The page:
tory, and eventually with Motorola and Hewlett-Packard companies, to develop and manufacture biochips that can detect the presence of harmful pathogens— particularly pathogens affecting patients in hospitals. Such biochips have been of interest to international companies for several decades, but the institute was able to add technological innovations to ongoing efforts at the Argonne laboratory that became commercially interesting. Biochips produced by the institute are now used in Russian hospitals to help identify the causes of various illnesses. (See Box 4-1.) However, large multinational firms continue to dominate markets throughout the world.
Taking yet another approach, in the early 2000s, the Department of State (DOS) decided to support several Russian institutions that seemed to have potential for manufacturing products that would be accepted in Russian markets and in markets of neighboring countries. Continuation of research and development activities initially financed by the United States at the institutions was the objective. The program began with a number of educational seminars and training programs. DOS then expanded on these activities as it launched the BioIndustry Initiative discussed in Appendix C.1. Box 4-2 sets forth an important comment by a director of a major Russian institute on the significance of this initiative. This activity helped his institute obtain recognition for Good Laboratory Practices and Good Manufacturing Practices, as a prelude for profitable production of several lines of drugs.
Turning to outreach activities of well-established Russian research institutes, the Central Research Institute of Epidemiology in Moscow has developed kits for detecting and characterizing the presence of a variety of diseases, at times with support from U.S. partners (Box 4-3). There are other commercialization successes flowing from joint U.S.-Russian efforts. In some cases, the Russian Foundation for the Support of Small Innovative Firms (the Bortnik Fund) has helped facilitate entry into important markets for joint undertakings.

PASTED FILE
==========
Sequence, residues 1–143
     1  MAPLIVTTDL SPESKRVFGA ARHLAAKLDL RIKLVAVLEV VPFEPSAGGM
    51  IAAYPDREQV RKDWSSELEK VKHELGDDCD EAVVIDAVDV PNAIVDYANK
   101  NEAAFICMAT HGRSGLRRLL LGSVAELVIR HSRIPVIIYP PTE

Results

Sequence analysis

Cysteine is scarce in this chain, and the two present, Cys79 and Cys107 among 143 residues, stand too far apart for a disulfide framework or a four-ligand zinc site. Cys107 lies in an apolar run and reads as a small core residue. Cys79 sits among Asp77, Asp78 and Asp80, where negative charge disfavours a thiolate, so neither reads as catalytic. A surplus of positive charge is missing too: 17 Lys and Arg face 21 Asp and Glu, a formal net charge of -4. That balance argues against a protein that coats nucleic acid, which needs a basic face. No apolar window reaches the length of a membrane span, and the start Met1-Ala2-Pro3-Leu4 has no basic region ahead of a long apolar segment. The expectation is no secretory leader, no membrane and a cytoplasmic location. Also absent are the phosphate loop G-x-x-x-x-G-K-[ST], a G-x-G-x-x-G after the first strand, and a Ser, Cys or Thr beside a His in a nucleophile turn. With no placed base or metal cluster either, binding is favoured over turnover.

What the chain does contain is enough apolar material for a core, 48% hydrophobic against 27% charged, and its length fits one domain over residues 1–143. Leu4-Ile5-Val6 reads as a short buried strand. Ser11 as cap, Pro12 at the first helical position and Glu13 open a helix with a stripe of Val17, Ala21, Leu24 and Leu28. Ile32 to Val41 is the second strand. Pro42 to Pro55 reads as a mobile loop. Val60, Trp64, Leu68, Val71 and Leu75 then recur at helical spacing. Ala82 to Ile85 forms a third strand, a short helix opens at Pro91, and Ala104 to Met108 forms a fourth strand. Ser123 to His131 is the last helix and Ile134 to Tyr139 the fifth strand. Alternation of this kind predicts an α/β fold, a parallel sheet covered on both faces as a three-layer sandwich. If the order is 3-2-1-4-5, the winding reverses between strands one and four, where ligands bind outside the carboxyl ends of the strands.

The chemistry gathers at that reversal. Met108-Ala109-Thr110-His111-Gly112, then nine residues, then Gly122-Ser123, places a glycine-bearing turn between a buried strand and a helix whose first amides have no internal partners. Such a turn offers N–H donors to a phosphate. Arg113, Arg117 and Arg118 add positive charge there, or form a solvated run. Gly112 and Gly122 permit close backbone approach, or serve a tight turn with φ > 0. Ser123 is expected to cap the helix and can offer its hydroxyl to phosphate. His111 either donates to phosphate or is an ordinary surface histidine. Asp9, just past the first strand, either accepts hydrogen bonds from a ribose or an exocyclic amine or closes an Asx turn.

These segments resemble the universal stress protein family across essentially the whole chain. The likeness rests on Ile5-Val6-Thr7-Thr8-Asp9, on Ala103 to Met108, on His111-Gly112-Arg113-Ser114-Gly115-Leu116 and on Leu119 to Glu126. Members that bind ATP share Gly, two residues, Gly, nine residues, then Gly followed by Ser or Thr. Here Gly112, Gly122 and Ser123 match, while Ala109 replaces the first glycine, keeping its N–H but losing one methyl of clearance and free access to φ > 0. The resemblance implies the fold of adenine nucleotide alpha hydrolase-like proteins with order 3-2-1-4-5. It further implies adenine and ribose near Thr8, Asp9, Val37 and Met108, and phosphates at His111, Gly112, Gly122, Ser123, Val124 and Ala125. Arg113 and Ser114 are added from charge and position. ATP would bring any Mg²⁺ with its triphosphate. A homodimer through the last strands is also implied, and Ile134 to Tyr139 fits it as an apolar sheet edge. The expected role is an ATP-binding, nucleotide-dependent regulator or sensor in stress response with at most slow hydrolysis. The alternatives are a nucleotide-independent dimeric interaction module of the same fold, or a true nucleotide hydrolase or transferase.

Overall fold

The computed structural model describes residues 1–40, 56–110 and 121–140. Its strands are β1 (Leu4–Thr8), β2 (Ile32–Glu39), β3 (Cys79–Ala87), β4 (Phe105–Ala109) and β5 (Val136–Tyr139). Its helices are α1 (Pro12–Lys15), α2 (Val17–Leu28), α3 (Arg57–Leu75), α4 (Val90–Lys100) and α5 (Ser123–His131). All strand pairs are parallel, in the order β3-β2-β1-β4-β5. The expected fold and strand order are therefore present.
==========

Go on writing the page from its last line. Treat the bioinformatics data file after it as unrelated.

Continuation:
But overall, the number of profitable commercial ventures with long-term
Biochips for Identifying Causative Agents of Serious Diseases
With funding from four U.S. and three Russian organizations, the Engel-hardt Institute of Molecular Biology developed an assay that takes 18 hours in contrast to the standard 6–10 weeks. The technology can be used to assess causative agents of TB and MDR-TB, HIV, hepatitis B and C, influenza, and other important diseases.
SOURCE: Engelhardt Institute of Molecular Biology, 2011.
Building on Cooperative Projects
“We are just as interested in maintaining contacts with American specialists as in financial support from the United States. Interactions of specialists are very important in staying abreast of developments in the field and in continuing research efforts initiated through the U.S. Government as we begin to sell our products on the commercial market.”
SOURCE: Director of former Biopreparat Institute, 2006.
Marketing of Diagnostic Kits
The Central Research Institute of Epidemiology, with assistance from American partners through the International Science and Technology Center, established a small enterprise, InterLabService, which now produces kits for testing for the presence of a variety of disease pathogens. Relying on traditional scientific outreaches of the institute throughout Russia and neighboring countries, the enterprise has developed a profitable and growing market for its products, which successfully compete with kits offered by other organizations in Russia and abroad.
lifetimes that have emerged from research institutions in Russia has not been great. Financing is difficult. Management skills are in short supply. Security requirements are sometimes severe. Even Russian entrepreneurs who have received recognition for success in commercialization of their discoveries are recording only narrow profit margins.